Brenda Smyth, a Solicitor with AMD Solicitors, considers the need to make a Will and review it on a regular basis
Making a Will is a sensible precaution to ensure that in the event of your death your estate is distributed as you would wish and to avoid difficulties and worries for your loved ones left behind at a time when they are having to cope with a bereavement.
If you die without having made a Will, you will die intestate and your estate will be distributed in accordance with the rules of intestacy. This may mean that the people who inherit your estate may not be the people you would wish to benefit. Remember that if you do not make a Will, your friends and favoured charities cannot benefit from your estate and any children who benefit will receive their inheritance as soon as they reach 18. If you are living with a partner as an unmarried couple, your partner may not benefit from your estate unless you provide for him or her in your Will.
Although it is possible to write your own Will, mistakes can invalidate the Will or ambiguities in the drafting can lead to costly disputes that may not only cause lengthy delays in administering the estate but, even worse, may mean your estate does not go to your intended beneficiaries. Also, Wills drawn up without reference to taxation may result in an unexpected or large tax liability.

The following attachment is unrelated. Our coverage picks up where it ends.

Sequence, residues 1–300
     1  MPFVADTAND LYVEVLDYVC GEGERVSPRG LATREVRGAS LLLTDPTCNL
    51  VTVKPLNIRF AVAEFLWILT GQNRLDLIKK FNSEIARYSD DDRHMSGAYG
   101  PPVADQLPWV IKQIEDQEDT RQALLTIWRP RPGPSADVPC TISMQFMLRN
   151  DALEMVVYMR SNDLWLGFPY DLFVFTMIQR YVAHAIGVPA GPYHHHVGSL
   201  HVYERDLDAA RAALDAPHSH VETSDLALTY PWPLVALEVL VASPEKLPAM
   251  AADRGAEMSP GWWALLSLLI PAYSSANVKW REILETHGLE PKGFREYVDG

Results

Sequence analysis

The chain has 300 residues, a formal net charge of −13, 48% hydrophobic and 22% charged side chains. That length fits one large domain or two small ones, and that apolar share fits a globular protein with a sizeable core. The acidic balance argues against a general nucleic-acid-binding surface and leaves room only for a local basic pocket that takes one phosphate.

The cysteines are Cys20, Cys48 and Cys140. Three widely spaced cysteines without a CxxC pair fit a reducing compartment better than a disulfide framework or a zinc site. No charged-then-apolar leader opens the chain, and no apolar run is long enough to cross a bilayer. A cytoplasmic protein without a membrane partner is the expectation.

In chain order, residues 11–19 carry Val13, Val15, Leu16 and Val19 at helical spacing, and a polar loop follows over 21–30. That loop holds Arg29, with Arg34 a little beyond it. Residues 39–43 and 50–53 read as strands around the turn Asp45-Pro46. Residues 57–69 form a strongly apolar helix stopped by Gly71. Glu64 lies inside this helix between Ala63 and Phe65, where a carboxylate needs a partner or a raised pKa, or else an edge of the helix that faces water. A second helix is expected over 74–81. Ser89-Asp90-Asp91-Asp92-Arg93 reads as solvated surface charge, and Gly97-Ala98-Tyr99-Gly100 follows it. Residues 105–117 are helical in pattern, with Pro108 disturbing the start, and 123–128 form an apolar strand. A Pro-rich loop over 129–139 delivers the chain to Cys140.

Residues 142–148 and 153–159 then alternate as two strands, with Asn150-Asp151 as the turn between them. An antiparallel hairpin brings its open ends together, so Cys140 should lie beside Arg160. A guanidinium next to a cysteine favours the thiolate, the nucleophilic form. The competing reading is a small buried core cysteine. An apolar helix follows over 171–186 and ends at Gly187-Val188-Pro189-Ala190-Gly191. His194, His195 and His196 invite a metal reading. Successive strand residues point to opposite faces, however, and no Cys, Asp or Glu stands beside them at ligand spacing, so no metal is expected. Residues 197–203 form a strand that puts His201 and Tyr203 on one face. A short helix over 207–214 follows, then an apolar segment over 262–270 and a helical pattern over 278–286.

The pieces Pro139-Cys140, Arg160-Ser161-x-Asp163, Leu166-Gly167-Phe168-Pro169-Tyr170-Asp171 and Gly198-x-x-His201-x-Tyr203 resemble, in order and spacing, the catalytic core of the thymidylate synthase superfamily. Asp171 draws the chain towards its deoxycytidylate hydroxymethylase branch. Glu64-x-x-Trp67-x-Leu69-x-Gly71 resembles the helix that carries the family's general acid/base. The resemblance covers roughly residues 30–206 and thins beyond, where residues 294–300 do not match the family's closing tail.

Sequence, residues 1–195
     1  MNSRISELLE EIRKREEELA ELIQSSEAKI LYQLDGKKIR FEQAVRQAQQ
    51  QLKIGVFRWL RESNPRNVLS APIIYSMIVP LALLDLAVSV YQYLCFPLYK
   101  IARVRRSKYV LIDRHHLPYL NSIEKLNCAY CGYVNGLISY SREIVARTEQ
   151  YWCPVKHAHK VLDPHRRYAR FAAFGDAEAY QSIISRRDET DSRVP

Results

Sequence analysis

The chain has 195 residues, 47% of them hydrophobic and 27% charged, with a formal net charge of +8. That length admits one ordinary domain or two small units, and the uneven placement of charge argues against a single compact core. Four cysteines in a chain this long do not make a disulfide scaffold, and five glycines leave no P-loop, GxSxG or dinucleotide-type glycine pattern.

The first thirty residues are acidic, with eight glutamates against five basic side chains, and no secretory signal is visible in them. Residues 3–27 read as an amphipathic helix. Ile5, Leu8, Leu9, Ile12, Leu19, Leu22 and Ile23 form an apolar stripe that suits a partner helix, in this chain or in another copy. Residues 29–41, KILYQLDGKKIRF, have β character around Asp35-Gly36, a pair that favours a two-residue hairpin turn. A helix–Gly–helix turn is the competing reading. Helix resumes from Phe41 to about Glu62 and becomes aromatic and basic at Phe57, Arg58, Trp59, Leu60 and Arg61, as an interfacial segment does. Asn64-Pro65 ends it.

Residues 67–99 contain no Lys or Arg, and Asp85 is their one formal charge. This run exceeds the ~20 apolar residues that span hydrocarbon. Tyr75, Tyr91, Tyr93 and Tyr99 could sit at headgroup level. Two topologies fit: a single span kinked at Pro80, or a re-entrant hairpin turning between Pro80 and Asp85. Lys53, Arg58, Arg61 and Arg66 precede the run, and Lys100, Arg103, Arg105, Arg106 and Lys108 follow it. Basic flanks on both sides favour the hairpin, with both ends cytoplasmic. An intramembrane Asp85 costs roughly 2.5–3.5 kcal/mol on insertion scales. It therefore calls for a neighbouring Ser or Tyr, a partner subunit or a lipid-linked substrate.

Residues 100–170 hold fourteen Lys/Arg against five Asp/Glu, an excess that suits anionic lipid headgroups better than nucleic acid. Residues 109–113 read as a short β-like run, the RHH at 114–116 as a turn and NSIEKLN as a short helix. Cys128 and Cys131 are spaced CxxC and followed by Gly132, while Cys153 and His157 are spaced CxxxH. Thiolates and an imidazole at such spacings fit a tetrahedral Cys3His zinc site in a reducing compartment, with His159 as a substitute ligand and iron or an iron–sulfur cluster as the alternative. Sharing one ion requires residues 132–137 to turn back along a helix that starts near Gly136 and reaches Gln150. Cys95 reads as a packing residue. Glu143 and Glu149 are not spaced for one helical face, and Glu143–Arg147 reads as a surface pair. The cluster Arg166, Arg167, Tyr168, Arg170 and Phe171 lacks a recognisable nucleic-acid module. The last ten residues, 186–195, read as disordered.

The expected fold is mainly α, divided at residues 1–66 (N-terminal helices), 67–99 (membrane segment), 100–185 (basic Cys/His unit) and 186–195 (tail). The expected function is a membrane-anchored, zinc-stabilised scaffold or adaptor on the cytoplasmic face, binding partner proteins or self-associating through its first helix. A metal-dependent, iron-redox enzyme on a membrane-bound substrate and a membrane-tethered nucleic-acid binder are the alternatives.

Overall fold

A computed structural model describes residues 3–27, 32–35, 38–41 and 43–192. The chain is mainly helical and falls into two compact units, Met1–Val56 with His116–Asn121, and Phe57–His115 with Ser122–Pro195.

Some people may delay making a Will because they do not want to contemplate their own death and writing a Will may feel so final. However, remember that although a Will is described as a “Last Will and Testament”, it only takes effect on your death so you are free to alter it at any time whilst you have the mental capacity to do so.
Even if you have already made your Will, the provisions should be reviewed on a regular basis to take into account changes in your circumstances or in those of beneficiaries. Some examples of when your Will may need updating are:
-your financial circumstances change for better or worse
-on your marriage, divorce or separation
-starting to live with a partner
-having children or grandchildren
-an intended beneficiary dies before you
-you wish to increase legacies to take into account the effects of inflation
-you or your partner go into residential care
-a beneficiary has debt or marriage problems or is claiming means tested benefit
-a beneficiary is not mentally capable of handling his or her own assets
-tax law changes
For further advice on writing a Will or reviewing an existing one or for advice on the administration of estates, Lasting Powers of Attorney and other private client matters, contact Brenda Smyth or one of her colleagues at AMD Solicitors 100 Henleaze Road, Bristol BS9 4JZ, Phone 0117 962 1205, email email@example.com or visit our website https://amdsolicitors.com.